George Mendonsa, who maintained for decades that he was the sailor in an iconic 1945 Times Square photo, dubbed “The Kiss,” that came to symbolize the end of World War II, has died, his family says. He was 95.

The veteran died early Sunday in Newport, Rhode Island, just two days before his 96th birthday, daughter Sharon Molleur told CNN. He will be buried at St. Columba Cemetery in his hometown of Middletown, Rhode Island, she said.

“When I look at that photograph, I just think of my dad’s service, and how happy he was that it was all over,” Molleur said.

On August 14, 1945, a sailor kisses an unsuspecting woman in New York's Times Square.
Victor Jorgensen/U.S. Navy/AP
On August 14, 1945, a sailor kisses an unsuspecting woman in New York's Times Square.

Though Mendonsa never persuaded Life magazine, which first published Alfred Eisenstaedt’s photo, that he was the man in the picture, several sources over the years – including the authors of “The Kissing Sailor: The Mystery Behind the Photo that Ended World War II” – have concluded the smooching seaman is Mendonsa. The authors cited facial recognition technology and high-tech forensic reconstructions.

In a 2015 interview, Mendonsa told CNN that he never failed to convince anyone of the fact.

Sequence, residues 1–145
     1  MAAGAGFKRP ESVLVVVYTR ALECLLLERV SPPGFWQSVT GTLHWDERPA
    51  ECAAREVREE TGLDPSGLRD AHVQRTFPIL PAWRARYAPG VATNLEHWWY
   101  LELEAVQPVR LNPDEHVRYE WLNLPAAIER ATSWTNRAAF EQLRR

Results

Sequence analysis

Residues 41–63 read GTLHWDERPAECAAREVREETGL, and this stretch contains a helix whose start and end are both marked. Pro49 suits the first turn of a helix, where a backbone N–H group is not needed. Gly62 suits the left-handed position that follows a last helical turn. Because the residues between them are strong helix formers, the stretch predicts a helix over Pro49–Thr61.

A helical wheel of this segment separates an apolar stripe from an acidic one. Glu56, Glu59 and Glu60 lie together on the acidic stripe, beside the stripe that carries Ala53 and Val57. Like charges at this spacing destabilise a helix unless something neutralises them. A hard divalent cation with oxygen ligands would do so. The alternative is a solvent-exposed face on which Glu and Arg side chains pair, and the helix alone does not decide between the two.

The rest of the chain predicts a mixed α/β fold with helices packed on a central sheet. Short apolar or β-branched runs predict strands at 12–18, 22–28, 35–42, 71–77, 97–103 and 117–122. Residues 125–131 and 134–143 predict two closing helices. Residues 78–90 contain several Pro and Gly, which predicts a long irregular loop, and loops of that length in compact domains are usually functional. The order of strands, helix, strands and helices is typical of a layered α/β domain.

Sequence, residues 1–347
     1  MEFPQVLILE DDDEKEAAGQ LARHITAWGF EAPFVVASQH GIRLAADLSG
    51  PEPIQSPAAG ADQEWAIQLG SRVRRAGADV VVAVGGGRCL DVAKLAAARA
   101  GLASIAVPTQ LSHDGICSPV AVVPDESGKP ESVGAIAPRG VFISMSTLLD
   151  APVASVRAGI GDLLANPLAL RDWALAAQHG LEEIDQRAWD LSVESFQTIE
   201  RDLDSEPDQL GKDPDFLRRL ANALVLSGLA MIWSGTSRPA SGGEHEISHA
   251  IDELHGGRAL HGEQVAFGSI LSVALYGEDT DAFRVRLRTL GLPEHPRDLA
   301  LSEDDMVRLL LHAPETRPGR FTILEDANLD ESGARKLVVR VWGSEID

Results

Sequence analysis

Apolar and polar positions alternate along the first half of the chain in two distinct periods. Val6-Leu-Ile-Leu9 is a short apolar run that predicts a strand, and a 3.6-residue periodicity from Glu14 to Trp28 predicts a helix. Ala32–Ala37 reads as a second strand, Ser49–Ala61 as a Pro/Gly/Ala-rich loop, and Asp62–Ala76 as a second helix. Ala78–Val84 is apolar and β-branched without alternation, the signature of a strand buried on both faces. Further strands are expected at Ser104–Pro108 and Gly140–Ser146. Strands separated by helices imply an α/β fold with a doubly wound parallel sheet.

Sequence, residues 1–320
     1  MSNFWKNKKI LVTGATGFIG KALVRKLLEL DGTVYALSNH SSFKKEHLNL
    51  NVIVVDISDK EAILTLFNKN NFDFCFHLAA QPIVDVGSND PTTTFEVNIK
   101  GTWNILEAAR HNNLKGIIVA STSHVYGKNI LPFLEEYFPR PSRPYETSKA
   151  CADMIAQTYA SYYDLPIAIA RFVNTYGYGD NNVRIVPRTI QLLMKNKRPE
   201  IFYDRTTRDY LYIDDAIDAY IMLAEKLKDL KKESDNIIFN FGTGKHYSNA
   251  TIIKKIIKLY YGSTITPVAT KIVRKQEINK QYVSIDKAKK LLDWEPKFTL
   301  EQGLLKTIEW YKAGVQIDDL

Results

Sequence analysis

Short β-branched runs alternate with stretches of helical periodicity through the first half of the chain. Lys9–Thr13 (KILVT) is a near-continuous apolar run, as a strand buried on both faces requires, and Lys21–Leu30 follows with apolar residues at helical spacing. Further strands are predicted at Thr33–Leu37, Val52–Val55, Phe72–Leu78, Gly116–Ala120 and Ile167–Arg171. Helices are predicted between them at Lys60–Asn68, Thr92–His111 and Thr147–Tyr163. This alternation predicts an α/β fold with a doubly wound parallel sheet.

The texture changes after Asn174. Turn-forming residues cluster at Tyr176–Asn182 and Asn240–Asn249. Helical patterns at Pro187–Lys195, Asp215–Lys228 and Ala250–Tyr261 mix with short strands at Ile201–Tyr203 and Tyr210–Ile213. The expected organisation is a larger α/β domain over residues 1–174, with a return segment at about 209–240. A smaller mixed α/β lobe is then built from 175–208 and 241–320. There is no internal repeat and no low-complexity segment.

“And when I get through showing you the photos … if you don’t admit that, I’d say you’re a phony bastard,” he told a reporter who visited his Middletown home.

’We’re all drinking and raising hell’

The picture, which has sparked numerous homages as well as admonitions from those who say it represents an unwanted sexual advance, was truly a product of its time.

It was taken August 14, 1945, shortly after news of Japan’s surrender – aka Victory Over Japan Day or V-J Day – spread through New York’s streets, a prelude to World War II’s imminent end. Even the caption Life placed under the photo, known alternatively as “V-J Day in Times Square,” speaks to the sexism tolerated in newsrooms during the era.

Carl Muscarello and Edith Shain, who also claimed to be in the photo, re-created their moment in 2005.
Mario Tama/Getty Images
Carl Muscarello and Edith Shain, who also claimed to be in the photo, re-created their moment in 2005.

“In the middle of New York’s Times Square a white-clad girl clutches her purse and skirt as an uninhibited sailor plants his lips squarely on hers,” the caption says, describing the 21-year-old woman who, decades later, would be identified as Greta Friedman.

Mendonsa was on leave after a stint in the Pacific, he told CNN in 2015, and was on a first date with Rita Petry, who was related to his younger sister’s new husband.